Bowl of unhealthy snacks

By Louisa Foo, in consultation with Elisa Mak, Dietitian


It is a source of energy, protective cushion for organs, and transport system for fat-soluble vitamins. The problem with fat is that we often eat much more than we should. Fat should take up no more than a third of our daily calorie intake and we should be mindful that the fat we do eat is of good quality.

According to Elisa Mak, Dietitian, Jurong Health, there are several types of fat in our diet.

“Each has a different effect on health and can either promote wellness or increase our risk of disease,” she said, “The most common type of fat we are told to avoid is saturated fat. However, there is a less talked about fat called trans fat.”

Trans fat (or trans fatty acids) is found in processed and convenience foods. This type of fat is extra dangerous because it doesn’t just increase bad cholesterol, but lowers good cholesterol as well.

Related: How Well Do You Know Your Sugar?

Trans Fat Explained

Olive oil and bread

There are two sources of trans fat. Small amounts can be found naturally in some meat and dairy. The second — and more significant source — is processed foods such as hard margarine, shortening and commercial deep-fried food and pastries.

Ms Mak explained, “Trans fat is formed when vegetable oils undergo hydrogenation, an industrial process that adds hydrogen to vegetable oil so it becomes solid at room temperature.” This process makes fat more stable and less likely to spoil, giving foods made with it a longer shelf life.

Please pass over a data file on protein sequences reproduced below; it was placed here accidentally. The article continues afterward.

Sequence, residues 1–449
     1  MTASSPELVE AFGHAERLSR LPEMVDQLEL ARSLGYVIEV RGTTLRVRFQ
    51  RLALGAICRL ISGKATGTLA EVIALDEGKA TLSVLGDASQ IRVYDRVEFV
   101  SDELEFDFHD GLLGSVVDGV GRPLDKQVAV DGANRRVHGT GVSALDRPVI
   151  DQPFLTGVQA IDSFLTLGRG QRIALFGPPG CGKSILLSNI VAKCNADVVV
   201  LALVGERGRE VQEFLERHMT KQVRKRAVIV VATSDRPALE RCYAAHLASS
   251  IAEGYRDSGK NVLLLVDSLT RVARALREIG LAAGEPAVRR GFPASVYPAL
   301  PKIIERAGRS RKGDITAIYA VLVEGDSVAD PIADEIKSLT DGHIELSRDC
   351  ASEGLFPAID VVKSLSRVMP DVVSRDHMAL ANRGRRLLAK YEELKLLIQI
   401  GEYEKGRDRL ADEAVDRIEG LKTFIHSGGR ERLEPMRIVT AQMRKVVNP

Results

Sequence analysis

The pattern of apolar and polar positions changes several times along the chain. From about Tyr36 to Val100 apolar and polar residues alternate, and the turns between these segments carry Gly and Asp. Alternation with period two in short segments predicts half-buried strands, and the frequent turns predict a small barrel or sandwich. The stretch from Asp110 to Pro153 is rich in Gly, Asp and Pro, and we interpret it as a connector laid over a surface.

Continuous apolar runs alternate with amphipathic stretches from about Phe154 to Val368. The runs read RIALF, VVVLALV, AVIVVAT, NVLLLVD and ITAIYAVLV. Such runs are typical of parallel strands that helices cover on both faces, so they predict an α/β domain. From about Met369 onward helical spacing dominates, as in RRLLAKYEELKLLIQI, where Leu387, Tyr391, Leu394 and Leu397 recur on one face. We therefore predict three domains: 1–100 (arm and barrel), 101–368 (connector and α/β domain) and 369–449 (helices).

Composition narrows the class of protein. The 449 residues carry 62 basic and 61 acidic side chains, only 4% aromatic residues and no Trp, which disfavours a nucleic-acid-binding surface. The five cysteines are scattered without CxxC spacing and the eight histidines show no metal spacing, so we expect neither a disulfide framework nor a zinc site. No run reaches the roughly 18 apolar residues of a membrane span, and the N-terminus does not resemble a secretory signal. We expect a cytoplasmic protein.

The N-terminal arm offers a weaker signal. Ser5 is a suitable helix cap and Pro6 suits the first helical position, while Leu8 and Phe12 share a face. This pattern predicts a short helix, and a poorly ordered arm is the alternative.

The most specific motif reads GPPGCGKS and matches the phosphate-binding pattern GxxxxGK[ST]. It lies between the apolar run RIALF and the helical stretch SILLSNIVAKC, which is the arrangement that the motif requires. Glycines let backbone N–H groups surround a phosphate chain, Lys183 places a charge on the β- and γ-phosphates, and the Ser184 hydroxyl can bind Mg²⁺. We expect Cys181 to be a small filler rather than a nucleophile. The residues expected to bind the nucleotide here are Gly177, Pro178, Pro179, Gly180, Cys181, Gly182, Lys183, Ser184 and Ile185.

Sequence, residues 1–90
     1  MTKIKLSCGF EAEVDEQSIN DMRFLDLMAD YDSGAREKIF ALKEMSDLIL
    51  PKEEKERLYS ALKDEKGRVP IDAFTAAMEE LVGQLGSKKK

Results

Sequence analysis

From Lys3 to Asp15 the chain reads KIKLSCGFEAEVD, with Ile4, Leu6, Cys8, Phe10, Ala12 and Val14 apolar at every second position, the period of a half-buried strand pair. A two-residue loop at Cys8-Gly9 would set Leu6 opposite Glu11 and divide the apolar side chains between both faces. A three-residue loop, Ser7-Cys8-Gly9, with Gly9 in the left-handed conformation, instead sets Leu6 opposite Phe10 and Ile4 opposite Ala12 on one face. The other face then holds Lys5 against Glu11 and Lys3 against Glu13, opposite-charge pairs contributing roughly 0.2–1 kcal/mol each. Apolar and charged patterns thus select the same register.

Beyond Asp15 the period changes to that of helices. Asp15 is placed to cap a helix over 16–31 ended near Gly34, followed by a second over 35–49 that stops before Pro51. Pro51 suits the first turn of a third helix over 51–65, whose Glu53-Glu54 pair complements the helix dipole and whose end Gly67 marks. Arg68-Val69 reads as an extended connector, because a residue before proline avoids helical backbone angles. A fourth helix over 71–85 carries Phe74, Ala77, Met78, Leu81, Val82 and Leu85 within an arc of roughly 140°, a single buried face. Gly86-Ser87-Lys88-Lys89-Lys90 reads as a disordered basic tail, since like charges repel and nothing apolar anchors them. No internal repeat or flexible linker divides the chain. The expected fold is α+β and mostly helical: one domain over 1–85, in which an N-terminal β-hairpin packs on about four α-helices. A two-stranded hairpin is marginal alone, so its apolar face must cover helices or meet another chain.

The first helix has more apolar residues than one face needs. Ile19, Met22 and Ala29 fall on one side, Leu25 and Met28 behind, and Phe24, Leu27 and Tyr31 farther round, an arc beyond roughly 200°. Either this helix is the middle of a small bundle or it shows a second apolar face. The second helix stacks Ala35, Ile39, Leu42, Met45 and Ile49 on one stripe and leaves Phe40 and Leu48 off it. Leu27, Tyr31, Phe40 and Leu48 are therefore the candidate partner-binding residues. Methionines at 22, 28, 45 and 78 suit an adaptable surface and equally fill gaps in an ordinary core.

Foods fried in this fat are also crisper. However, its impact on health is far from positive. In fact, the World Health Organization found that trans fat consumption is a significant contributor to cardiovascular disease.

Related: Trim the Fat

Track the Trans Fat

Checking out the fats in the nutritional label

Given the dangers of trans fat, moves have been made to limit or ban trans fat around the world. In Singapore, no more than 2g of trans fat per 100g is allowed in fat and oils supplied to food establishments and manufacturers and in retailed fat and oils.

Trans fat levels must also be indicated on food labels. Even so, consumers should also educate themselves to spot ‘hidden’ bad fat in processed food, said Ms Mak.

“Identify trans fat by looking for partially hydrogenated vegetable oil or shortening in the ingredients list.” Look out too for other types of ‘bad’ fat such as palm or vegetable oil, she added.

Instead, opt for unhydrogenated oil such as olive, canola or peanut oil. Better yet, limit fat intake by avoiding deep-fried foods and swap to roasted or grilled foods instead. It is also beneficial to include heart-healthy sources of fat (from walnuts or oily fish such as salmon, sardines or mackerel) two to three times a week into your meals.

In a healthy diet, 25 to 35 percent of your total daily calories should come from good fat.

Trans Fat

In trans fat, an extra hydrogen molecule is added to solidify liquid oil, giving it a longer shelf life and stability at high heat. It impacts health adversely, increasing bad cholesterol and lowering good cholesterol.

Saturated Fat

Saturated fat comes from animal fat. It clogs the arteries and raises blood cholesterol. Your daily intake should not exceed 10g a day.


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